As a former Hip Hop Music & Professional Sports Celebrity Advisor and real estate investor, Davis is no stranger to triumphs and defeats. From a self-made millionaire at age 25, her life took a tragic twist. Today she’s known as federal prisoner #59253-053, sentenced to 12 1/2 years for bank fraud.

From behind bars, Davis embarked on an intense journey of inner healing and restoration. Documenting her findings, she created the “Voices of Consequences Enrichment Series,” which has helped to transform the lives of female offenders across the country.

Discovering her purpose while incarcerated, and encountering injustices within her own case, Jamila T. Davis developed “The High Price I Had To Pay” Book Series, creating a platform for women serving decade plus sentences for non-violent crimes to tell their stories. The success of the series led to the formation of WomenOverIncarcerated.org.

Get to know Jamila:

Introduce yourself to the audience and tell them a little about your latest memoir "She's All Caught Up."

Hello, my name is Jamila T. Davis. I am the author of "She's All Caught Up." My book is a memoir about my early life, written as a cautionary tale. It exposes some of the negative influences that led me on a destructive, high speed chase to find fulfillment.

I grew up during the height of the crack cocaine epidemic in the 80's. Back then, it was cool to date drug dealers who were getting significant amounts of money. Just like kids today, my desire to be accepted by my peers caused me to try to appease those I admired, regardless of the consequences. Unlike the average chicks I grew up with, once I got a taste of life in the fast lane I wanted my own share. Instead of simply accepting hand outs from my drug dealer boyfriends, I decided to try my hand in the game. Overnight, I became addicted to the high of getting money and it all went down hill from there!

Please share with our audience where you are at? And, how your current experience sparked the creation of your memoir?

I am currently serving a 12 1/2 year sentence at the Danbury Federal Prison camp in Danbury, Connecticut. It is the same facility where Piper Kerman, author of the book "Orange Is The New Black," was housed.

While incarcerated, I participated in a prison public speaking program, geared to deter at-risk youth from crime. Hearing teens vow to avoid participating in criminal activities after listening to my story made me recognize the power it had. This inspired me to write my book to warn others about the detriments of living life in the fast lane. I want kids to understand the severe consequences of this lifestyle, so they will think twice before committing crimes.

What audience do you think will benefit most from this book and why?

I think teens will benefit from reading my book, as well as adults. A lot of people from all races and backgrounds have told me they can relate to my story in certain aspects. I created my book to become a mirror that causes readers to reflect. Even if you didn't make the same mistakes as I did, most of us have been vulnerable to some form of peer pressure or negative influences to gain acceptance. It is my goal to cause readers to dig in and analyze themselves. I share my flaws so that others will have the courage to take a look at their own flaws. We all make mistakes, but true empowerment occurs when we dare to go back and fix them. It's all about being real and breaking free from the chase that keeps many in bondage.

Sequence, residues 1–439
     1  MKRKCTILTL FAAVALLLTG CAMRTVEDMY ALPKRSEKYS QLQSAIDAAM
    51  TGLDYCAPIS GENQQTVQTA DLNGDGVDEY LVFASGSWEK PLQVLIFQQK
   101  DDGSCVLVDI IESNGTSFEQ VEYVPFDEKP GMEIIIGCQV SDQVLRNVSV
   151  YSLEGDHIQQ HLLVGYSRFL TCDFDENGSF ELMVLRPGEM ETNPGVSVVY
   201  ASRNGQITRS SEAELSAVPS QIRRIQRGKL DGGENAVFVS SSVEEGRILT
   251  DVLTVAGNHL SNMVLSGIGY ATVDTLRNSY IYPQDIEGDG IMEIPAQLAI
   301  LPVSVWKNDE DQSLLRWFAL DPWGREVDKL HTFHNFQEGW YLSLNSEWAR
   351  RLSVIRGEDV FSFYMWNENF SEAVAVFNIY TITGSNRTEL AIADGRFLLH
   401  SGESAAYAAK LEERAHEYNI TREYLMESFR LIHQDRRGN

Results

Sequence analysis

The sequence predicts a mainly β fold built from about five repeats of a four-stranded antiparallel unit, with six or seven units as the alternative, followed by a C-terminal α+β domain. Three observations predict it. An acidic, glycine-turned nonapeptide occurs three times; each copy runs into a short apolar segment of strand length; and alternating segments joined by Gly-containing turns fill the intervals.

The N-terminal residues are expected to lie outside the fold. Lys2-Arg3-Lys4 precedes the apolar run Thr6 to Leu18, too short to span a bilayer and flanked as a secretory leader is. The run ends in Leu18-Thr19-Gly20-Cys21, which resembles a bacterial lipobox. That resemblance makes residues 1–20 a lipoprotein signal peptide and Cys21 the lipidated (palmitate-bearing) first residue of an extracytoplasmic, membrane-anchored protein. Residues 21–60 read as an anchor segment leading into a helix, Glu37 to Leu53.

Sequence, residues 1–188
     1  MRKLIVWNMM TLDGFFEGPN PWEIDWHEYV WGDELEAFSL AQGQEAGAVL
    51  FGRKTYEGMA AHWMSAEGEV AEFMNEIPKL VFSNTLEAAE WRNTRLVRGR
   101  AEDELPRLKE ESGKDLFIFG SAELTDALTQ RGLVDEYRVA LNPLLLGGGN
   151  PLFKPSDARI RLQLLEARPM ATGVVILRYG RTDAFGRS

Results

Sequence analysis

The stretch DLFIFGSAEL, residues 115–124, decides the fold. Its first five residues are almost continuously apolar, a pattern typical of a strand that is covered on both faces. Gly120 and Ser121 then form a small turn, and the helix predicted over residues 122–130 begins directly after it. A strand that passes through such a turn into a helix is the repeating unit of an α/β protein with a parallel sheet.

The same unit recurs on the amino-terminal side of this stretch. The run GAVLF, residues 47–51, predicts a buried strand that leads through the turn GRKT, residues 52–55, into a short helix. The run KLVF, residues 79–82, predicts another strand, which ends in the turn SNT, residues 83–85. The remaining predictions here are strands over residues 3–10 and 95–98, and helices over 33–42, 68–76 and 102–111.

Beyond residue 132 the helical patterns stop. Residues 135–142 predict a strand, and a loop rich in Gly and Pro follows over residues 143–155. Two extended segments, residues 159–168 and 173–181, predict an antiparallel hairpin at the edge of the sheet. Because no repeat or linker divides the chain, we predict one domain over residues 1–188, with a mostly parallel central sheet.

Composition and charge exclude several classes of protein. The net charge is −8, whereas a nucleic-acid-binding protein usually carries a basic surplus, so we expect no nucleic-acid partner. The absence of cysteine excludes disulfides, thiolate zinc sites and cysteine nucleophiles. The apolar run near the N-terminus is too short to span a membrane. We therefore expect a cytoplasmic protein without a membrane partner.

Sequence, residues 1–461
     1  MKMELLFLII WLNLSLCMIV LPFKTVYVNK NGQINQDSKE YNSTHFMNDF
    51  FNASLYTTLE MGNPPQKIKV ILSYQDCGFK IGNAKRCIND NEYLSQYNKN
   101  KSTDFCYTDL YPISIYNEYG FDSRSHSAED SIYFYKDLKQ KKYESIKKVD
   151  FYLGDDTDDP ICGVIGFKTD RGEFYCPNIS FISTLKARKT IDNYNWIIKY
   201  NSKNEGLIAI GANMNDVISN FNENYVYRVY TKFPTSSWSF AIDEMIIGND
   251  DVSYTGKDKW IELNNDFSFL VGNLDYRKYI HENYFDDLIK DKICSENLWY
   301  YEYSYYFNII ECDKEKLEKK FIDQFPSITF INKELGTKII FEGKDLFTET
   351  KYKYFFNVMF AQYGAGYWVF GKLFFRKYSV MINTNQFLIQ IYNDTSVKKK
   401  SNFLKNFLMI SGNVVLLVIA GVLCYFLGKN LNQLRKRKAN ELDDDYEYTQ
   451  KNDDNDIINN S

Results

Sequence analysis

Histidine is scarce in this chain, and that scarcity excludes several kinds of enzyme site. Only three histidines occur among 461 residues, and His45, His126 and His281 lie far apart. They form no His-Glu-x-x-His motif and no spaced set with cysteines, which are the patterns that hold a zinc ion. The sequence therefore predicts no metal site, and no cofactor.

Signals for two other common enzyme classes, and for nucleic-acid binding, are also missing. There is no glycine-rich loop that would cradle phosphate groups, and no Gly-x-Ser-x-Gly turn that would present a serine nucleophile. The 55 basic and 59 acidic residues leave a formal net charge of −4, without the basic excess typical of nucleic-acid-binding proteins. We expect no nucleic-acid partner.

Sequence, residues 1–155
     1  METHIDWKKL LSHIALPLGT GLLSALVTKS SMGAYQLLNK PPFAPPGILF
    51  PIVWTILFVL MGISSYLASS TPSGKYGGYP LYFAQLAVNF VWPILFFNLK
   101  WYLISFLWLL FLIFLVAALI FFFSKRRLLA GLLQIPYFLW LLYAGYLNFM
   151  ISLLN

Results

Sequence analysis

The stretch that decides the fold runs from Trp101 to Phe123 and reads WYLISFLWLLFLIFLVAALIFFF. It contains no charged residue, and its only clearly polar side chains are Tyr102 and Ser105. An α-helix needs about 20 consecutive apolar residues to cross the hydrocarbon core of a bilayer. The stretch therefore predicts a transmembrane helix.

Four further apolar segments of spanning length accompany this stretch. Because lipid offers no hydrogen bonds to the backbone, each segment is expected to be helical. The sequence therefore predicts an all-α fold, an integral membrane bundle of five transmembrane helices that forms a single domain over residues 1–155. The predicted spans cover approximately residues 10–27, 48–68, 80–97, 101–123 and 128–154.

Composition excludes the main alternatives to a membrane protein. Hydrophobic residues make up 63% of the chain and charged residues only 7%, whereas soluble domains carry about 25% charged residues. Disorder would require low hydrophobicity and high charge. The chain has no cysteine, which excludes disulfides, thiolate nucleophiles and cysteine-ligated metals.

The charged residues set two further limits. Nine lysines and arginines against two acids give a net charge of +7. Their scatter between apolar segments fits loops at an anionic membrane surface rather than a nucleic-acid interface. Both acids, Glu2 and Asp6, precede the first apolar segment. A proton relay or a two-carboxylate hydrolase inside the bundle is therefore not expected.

Share with us a little about how your family life was growing up?

My mother was a school teacher and my father was a NYC Transit supervisor. They migrated from the South to build a better life for their family.

I grew up in an upper middle class home, with two very loving parents. They enrolled me and my brother in all types of activities including dancing, singing, acting, gymnastics and Judo. I had a full schedule and was expected to get straight A's in school. My parents wanted to ensure that my brother and I had all the things, and opportunities, that they lacked growing up. So for the most part, we were pretty spoiled.

Do you think your childhood life fits the typical prisoner? Please explain.

Not at all! My parents raised me for success. My mother's dream was for me to become a doctor or lawyer, while being successful in the world of entertainment. They never imagined that I would be enamored by life in the fast lane. My desire to be accepted swayed me over to the other side. After that, there seemed to be no turning back!

What was the changing point in your life that turned you into a "get money" chick?

I was dumped by my first boyfriend, a well known drug dealer, for an older girl who worked in a bakery. He told me he chose her over me because she made her own money, attracting him to her independence. At that moment something went off in my head. I felt like money would be the key factor that brought me happiness and companionship, so I went after it full fledge. Once I saw the attention it got me, I was hooked!

What is your message to teens that think living in the fast lane is cool?

Take a look at my life. Serving time in prison is certainly not cool! Regardless of how smart you think you are or what you think you can get a way with, in the end crime will always catch up to you!
For the past 6 1/2 years I've raised my two children from a prison visiting room. I missed out on their birthdays, graduations and all the major holidays. I would give back every dollar I ever made to regain the time I lost with them.

My experience has taught me that nothing is ever worth losing your freedom. Therefore, avoid crime at all cost!

Find the author and buy the book:

Email address- jamiladavis06811@gmail.com